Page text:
Finland has a wide range of media.
Finland is one of the most democratic countries in the world, with a government that
respects freedom of everyone’s expression.
Freedom of the press has a long history in Finland. The first Freedom of Information Act was stated in 1766. Today, freedom of expression and access to information in Finland is guaranteed by the constitution. There is no censorship in the media.
Finland sets an example in the way it respects journalists and news media and protects them from judicial abuse. In 2010 the Finnish press was ranked as the freest in the world, along with the other Nordic countries, according to Freedom House. These countries also top the Reporters Without Borders (RSF) Press Freedom Index 2010.
Freedom of expression is not only limited to the media. Every citizen has a right to information, the right to be heard and has a right to speak their mind. This right is not without liability. It is illegal for example to slander and blaspheme, as is the incitement of racial hatred.
Two basic tools in Finnish media policy are legislation and public subsidy. The Ministry of Transport and Communications oversees telecommunications; the operating licences for local radio and television.
Journalism in Finland is self-regulated by publishers and journalists. The Council for Mass Media (CMM) was established in 1968 by publishers and journalists in the field of mass communication. CMM interprets good professional practice and defends the freedom of speech and publication. CMM does not exercise legal jurisdiction.
Print is the largest branch of the media. There are about 200 newspapers with a combined distribution over 3 million. Most newspapers are bought on subscription and delivered to subscribers early in the morning.
There are over 3,000 magazines, over half of which appear once a week.
Finland has both public and privately owned commercial TV channels. Traditionally, all foreign programmes are subtitled (not dubbed) in Finnish or Swedish. The use of subtitles has improved Finnish literacy.
All TV broadcasts have been digitalised since 2007. Finland was among the first countries to digitalise its TV broadcast network.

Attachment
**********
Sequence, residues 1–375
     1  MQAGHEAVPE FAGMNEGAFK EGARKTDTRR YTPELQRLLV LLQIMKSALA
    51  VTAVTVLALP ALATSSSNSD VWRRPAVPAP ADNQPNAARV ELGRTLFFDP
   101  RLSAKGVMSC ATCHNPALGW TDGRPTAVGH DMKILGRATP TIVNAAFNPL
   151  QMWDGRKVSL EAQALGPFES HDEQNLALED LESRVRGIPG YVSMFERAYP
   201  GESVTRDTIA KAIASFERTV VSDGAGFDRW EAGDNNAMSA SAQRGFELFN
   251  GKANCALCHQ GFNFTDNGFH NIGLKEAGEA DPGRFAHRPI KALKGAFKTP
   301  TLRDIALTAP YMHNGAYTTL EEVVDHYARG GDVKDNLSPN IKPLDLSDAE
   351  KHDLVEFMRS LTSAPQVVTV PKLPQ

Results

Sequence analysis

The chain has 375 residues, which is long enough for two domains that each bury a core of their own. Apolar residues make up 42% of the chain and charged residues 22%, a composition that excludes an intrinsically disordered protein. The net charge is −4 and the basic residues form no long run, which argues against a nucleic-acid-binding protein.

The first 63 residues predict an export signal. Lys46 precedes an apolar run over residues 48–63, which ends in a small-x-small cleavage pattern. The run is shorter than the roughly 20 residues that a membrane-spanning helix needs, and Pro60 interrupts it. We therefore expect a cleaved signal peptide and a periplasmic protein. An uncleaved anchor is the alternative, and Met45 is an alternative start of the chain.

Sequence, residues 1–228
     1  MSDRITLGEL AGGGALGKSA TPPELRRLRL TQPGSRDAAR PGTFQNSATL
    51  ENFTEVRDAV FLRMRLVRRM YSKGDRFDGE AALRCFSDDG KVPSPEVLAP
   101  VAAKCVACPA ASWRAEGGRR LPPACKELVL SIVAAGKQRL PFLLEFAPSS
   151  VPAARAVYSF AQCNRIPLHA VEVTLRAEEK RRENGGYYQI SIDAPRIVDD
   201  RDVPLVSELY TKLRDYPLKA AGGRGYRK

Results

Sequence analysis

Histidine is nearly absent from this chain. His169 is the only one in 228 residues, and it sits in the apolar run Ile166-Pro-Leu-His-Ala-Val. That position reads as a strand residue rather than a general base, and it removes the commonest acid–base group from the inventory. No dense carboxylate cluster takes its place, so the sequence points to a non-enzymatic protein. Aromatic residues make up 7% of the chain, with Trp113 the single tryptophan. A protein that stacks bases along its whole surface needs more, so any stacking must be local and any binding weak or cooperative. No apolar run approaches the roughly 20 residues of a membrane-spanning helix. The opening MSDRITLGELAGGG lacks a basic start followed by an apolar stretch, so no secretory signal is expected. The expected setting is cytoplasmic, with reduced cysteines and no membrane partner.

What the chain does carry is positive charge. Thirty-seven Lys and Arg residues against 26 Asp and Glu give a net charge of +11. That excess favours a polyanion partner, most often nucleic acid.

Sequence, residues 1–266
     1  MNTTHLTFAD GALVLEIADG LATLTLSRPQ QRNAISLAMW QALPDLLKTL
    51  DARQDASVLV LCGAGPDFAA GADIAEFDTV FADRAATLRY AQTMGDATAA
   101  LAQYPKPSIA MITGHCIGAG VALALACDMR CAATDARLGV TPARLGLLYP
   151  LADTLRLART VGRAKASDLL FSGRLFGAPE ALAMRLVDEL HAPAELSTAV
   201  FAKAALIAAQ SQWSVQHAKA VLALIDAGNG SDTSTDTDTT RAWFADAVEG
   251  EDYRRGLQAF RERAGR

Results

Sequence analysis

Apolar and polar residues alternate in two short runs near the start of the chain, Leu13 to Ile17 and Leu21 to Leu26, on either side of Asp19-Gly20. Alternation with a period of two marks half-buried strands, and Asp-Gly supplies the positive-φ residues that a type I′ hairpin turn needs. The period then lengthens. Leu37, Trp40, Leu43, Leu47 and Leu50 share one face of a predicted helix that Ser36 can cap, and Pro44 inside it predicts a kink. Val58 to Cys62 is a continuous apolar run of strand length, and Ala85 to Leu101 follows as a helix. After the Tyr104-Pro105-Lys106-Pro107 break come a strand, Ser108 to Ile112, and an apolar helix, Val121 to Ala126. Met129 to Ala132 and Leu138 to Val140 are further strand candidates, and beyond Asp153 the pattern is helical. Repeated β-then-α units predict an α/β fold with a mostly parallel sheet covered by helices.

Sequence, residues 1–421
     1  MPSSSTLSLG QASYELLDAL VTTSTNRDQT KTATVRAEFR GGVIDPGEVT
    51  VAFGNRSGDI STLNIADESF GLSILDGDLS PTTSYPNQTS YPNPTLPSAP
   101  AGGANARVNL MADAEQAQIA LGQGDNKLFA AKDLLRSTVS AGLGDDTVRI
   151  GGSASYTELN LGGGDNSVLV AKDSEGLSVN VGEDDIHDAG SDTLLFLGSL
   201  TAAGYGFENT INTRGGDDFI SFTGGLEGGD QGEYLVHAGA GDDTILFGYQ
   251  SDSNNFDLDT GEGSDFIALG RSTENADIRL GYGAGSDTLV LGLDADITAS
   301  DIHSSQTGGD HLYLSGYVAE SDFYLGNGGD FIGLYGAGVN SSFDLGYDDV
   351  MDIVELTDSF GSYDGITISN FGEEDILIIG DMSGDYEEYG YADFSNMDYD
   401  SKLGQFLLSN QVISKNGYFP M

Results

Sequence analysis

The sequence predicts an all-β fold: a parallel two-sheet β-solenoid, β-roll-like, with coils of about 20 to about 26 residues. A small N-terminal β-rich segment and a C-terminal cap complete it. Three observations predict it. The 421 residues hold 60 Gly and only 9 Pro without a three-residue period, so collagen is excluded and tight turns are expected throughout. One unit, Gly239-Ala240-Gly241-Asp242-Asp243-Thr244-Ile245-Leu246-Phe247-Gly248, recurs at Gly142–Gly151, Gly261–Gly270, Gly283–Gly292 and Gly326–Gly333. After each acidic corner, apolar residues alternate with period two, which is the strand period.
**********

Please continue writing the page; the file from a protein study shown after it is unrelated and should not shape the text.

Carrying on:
YLE, the Finnish Broadcasting Company, is a public-service limited company. YLE operates television and radio channels. The public considers YLE to be a reliable source of news and current affairs. In 2010 YLE TV1 was the most popular television channel in Finland. YLE programmes and content reach almost 95% of Finnish people.
YLE plays a major role in producing and presenting programmes dealing with national arts and education, and children's programmes. YLE's services to the public also cover special and minority groups. It is the authority for broadcasting public announcements.
YLE's operations are financed by television fees and programming carries no advertising.
Besides YLE there are privately owned commercial TV channels. All channels have their own news broadcasts.
86 per cent of Finns are Internet users. 75 per cent of households have Internet access.
Email, Internet banking and information searches for goods and services are the most common reasons for Internet use.
Most of the Internet connections are broadband connections. Broadband refers to data connections that enable effortless use of online content and services. In international statistics, the minimum speed for broadband connections is usually 256 kb/s. In Finland, the typical broadband connection speed is 2 Mb/s, which is significantly faster.
Since 2010, broadband access is included in basic communications services like telephone or postal services. A minimum data transfer speed of 1 Mb/s has been defined as a universal service. Telecom operators defined as universal service providers must be able to provide every permanent residence and business office with access to such a service at a reasonable price.
A future goal is to increase the coverage area of fast broadband connections.